Hawai'i at the Crossroads of the U.S. and Japan Before the Pacific War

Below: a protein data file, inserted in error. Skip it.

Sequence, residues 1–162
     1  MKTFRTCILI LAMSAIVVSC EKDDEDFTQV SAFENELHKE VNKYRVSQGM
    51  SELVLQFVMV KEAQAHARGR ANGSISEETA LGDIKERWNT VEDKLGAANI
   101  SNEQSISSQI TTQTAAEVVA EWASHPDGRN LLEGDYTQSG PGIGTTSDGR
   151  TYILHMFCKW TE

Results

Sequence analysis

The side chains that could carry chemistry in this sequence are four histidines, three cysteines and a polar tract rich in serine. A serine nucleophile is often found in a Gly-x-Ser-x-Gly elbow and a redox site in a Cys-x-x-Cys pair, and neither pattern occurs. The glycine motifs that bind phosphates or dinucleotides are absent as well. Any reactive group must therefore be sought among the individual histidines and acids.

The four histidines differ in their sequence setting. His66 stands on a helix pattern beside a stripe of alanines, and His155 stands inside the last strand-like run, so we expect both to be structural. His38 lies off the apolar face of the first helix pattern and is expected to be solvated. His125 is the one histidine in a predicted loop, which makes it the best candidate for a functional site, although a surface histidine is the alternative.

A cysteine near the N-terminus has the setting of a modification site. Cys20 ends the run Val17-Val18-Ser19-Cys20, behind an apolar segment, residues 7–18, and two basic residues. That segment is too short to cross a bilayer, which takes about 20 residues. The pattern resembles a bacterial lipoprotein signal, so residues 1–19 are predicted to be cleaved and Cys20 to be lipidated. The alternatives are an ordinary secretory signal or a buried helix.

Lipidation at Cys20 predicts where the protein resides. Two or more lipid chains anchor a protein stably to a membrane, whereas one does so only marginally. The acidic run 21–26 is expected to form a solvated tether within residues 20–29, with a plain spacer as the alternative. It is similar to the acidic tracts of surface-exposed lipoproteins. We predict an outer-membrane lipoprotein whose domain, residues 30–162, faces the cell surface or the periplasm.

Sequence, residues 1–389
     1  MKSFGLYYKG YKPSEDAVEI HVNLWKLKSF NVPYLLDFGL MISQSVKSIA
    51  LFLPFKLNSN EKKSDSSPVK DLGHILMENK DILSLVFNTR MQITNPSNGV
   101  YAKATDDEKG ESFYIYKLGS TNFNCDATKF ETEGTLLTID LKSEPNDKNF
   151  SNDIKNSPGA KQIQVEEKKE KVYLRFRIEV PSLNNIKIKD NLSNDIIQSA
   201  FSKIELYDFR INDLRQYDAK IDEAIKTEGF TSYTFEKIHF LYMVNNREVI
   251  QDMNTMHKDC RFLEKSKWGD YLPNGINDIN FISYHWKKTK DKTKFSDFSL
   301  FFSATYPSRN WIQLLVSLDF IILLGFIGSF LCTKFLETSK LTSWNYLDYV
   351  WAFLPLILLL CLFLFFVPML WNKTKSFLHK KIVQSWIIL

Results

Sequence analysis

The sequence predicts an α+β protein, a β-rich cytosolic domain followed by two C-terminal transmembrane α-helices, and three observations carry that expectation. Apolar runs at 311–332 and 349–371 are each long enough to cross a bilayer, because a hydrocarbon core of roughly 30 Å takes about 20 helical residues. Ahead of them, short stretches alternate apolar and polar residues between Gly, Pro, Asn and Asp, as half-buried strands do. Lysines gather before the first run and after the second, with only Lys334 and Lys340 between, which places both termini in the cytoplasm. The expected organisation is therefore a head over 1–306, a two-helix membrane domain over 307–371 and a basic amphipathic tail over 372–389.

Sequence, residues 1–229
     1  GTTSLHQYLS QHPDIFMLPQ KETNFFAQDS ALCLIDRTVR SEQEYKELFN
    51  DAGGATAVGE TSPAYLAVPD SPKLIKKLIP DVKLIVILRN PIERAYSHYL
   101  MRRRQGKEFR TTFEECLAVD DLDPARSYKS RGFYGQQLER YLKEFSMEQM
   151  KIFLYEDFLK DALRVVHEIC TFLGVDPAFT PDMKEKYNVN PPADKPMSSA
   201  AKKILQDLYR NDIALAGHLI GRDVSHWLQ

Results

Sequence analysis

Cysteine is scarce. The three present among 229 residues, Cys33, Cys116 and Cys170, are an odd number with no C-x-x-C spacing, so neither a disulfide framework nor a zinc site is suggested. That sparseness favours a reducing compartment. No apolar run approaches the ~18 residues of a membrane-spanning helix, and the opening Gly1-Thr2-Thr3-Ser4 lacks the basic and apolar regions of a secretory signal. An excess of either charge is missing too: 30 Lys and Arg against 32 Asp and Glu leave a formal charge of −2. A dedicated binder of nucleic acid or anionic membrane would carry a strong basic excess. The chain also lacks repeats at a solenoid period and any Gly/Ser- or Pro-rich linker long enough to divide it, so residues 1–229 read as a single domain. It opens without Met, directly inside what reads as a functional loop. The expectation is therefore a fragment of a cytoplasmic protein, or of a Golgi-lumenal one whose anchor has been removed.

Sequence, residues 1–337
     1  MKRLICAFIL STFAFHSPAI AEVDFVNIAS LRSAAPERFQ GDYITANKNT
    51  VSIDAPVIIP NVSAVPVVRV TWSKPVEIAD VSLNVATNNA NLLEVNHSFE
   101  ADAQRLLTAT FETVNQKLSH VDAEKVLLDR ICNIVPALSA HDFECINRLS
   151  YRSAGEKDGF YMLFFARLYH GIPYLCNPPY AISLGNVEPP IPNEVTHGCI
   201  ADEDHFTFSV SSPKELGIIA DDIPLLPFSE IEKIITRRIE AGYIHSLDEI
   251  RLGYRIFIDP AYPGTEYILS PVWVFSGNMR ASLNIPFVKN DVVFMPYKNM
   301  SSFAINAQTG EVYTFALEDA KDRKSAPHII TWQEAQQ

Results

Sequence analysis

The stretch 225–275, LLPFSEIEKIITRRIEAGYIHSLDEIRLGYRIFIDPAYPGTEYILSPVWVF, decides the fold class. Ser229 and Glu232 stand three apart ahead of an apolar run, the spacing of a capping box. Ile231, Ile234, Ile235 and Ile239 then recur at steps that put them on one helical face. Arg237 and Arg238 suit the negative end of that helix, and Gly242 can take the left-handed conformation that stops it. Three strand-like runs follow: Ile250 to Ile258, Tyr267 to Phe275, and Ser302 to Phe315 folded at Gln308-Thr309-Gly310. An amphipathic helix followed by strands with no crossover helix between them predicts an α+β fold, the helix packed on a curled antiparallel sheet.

Hawai'i at the Crossroads tells the story of Hawaii's role in the emergence of Japanese cultural and political internationalism during the interwar period. Following World War I, Japan became an important global power and Hawaii Japanese represented its largest and most significant emigrant group. During the 1920s and 1930s, Hawaii's Japanese American population provided Japan with a welcome opportunity to expand its international and intercultural contacts. This volume, based on papers presented at the 2001 Crossroads Conference by scholars from the U.S., Japan, and Australia, explores U.S.-Japanese conflict and cooperation in Hawaii - truly the crossroads of relations between the two countries prior to the Pacific War.From the 1880s to 1924, 180,000 Japanese emigrants arrived in the U.S. A little less than half of the original arrivals settled in Hawaii; by 1900 they constituted the largest ethnic group in the Islands, making them of special interest to Tokyo. Even after its withdrawal from the League of Nations in 1933, Japan viewed Hawaii as a largely sympathetic and supportive ally. The Islands represented Japan's best opportunity to explain itself to the U.S.; here American and Japanese diplomats, official and unofficial, could work to resolve the growing tension between their two countries. While hopes on both sides of the Pacific were shattered by the attack on Pearl Harbor, the Japan-Hawaii connection underlying not a few of them remains important, informative, and above all compelling. Its further exploration provided the rationale for the Crossroads Conference and the essays compiled here.